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Keywords:

  • esophageal and gastric varices;
  • gastrointestinal hemorrhage;
  • portal hypertension;
  • portasystemic shunt;
  • surgical

Abstract

Background and Aim

In patients with extrahepatic portal venous obstruction (EHO), death is usually due to variceal bleeding. This is more so in developing countries where there is a lack of tertiary health-care facilities and blood banks. Prophylactic operations in cirrhotics have been found to be deleterious. In contrast, patients with EHO have well-preserved liver function, and we therefore investigated the role of prophylactic surgery to prevent variceal bleeding.

Methods

Between 1976 and 2010, we operated on selected patients with EHO, who had no history of variceal bleeding but had “high-risk” esophagogastric varices or severe portal hypertensive gastropathy and/or hypersplenism, and came from remote areas with poor access to tertiary health care. Following surgery, these patients were prospectively followed up with regard to mortality, variceal bleeding, encephalopathy, and liver function.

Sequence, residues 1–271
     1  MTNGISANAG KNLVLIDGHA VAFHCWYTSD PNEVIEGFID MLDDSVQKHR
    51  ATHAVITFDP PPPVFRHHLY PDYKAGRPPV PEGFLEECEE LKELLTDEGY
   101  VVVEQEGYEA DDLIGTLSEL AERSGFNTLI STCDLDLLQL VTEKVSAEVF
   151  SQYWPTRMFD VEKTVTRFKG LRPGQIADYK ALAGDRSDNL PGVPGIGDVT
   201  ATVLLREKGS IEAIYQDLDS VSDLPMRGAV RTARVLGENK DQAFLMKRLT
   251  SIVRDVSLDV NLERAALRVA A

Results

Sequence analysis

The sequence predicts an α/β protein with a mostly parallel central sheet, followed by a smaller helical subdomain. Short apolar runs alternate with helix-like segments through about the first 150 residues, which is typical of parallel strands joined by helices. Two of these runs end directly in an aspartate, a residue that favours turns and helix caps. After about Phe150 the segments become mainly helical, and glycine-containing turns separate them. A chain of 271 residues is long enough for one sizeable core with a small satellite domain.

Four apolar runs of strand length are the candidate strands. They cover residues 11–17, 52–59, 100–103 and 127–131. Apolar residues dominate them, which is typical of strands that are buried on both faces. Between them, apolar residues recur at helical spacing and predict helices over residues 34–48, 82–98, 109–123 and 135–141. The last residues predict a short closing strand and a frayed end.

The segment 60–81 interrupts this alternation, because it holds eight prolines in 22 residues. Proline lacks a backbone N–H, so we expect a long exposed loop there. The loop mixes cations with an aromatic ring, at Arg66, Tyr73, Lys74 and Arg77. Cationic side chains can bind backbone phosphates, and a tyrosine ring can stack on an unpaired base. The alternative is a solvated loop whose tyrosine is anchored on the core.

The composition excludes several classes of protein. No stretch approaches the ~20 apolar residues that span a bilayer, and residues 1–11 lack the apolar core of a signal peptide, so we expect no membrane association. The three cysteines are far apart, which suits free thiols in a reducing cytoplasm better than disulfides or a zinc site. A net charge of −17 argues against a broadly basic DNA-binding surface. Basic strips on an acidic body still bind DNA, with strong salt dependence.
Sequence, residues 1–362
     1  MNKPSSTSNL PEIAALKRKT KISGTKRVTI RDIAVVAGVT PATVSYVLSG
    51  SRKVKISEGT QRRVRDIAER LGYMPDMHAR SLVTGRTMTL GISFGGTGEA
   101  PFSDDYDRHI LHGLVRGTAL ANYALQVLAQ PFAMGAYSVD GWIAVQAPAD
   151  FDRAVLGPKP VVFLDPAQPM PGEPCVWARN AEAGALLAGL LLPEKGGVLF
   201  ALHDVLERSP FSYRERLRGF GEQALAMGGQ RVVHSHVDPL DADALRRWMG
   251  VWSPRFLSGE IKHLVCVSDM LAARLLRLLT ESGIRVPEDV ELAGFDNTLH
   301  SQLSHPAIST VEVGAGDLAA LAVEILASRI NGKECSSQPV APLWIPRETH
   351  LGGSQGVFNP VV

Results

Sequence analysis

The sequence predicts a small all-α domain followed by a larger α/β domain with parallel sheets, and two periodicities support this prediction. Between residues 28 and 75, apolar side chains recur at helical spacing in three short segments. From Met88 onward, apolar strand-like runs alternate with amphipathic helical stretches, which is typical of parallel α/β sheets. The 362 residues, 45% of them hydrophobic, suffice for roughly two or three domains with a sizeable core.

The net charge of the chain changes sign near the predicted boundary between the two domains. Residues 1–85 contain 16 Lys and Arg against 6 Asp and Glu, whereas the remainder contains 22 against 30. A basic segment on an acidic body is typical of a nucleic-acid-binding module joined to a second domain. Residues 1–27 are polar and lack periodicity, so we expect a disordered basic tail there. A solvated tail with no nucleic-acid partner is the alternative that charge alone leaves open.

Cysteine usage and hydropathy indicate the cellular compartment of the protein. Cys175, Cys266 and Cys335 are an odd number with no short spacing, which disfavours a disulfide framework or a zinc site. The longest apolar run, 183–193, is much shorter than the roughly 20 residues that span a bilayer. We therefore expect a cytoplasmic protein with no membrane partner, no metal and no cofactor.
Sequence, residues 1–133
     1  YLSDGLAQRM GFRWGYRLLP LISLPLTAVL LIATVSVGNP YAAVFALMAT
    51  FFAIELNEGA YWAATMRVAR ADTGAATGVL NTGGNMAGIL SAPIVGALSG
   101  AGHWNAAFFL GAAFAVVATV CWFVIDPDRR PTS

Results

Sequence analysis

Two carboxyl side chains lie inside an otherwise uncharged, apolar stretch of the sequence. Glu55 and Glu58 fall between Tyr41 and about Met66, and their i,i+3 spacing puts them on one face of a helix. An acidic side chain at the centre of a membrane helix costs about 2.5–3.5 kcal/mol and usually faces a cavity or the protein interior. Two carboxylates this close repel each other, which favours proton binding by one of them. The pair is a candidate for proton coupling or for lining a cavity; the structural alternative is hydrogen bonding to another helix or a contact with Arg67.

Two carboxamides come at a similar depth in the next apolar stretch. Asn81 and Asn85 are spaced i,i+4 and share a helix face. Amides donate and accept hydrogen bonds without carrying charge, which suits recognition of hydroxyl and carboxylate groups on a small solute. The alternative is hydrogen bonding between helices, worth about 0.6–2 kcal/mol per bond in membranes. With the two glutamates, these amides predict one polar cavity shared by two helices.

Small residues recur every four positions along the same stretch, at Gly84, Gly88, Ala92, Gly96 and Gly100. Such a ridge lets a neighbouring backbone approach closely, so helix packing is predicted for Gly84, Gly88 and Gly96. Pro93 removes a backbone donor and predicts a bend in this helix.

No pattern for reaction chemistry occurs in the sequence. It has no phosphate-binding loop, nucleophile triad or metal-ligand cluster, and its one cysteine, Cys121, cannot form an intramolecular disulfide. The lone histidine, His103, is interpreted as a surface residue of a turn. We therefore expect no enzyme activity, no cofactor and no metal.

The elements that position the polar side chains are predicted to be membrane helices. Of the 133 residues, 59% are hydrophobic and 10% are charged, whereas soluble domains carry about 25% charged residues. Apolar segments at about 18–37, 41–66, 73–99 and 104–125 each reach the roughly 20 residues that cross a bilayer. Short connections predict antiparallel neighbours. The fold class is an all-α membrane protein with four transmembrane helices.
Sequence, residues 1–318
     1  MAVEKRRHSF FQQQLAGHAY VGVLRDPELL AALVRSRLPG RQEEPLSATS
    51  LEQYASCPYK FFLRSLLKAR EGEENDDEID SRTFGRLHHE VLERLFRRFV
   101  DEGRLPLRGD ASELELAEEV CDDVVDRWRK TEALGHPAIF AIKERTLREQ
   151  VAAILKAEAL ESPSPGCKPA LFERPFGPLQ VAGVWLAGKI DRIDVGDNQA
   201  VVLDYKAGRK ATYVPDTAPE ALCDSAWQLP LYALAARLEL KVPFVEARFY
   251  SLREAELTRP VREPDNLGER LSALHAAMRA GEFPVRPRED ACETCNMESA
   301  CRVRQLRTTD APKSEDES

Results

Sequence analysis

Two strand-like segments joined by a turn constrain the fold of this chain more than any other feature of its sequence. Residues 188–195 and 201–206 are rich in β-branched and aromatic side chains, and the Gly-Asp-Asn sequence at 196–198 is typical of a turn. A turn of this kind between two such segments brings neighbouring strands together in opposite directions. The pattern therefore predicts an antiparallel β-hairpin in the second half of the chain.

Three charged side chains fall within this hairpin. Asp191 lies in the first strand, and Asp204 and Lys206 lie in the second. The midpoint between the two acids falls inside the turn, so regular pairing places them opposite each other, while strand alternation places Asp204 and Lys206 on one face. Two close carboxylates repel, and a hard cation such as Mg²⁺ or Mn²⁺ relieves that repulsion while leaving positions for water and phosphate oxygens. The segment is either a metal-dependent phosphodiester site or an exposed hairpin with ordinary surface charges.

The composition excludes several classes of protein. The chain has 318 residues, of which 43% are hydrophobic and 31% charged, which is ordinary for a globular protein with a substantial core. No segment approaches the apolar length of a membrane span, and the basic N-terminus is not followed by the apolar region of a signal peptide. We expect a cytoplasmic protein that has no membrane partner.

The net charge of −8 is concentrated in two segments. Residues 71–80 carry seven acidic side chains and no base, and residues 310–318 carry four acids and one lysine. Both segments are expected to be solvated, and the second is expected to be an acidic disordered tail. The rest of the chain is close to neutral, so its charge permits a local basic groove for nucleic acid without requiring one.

Results

A total of 114 patients (67 males; mean age 19 years) underwent prophylactic operations (proximal splenorenal shunts 98 [86%]; esophagogastric devascularization 16). Postoperative mortality was 0.9%. Among 89(79%) patients who were followed up (mean 60 months), hypersplenism was cured, and six (6.7%) developed variceal bleeding. The latter were managed successfully by endoscopic sclerotherapy. No patient developed overwhelming post-splenectomy sepsis or encephalopathy, and 90% were free of symptoms.

Conclusion

In patients with EHO, prophylactic surgery is fairly safe and prevents variceal bleeding in ∼ 94% of patients with no occurrence of portosystemic encephalopathy. Patients with EHO who have not bled but have high-risk varices and/or hypersplenism, and poor access to medical facilities should be offered prophylactic operations.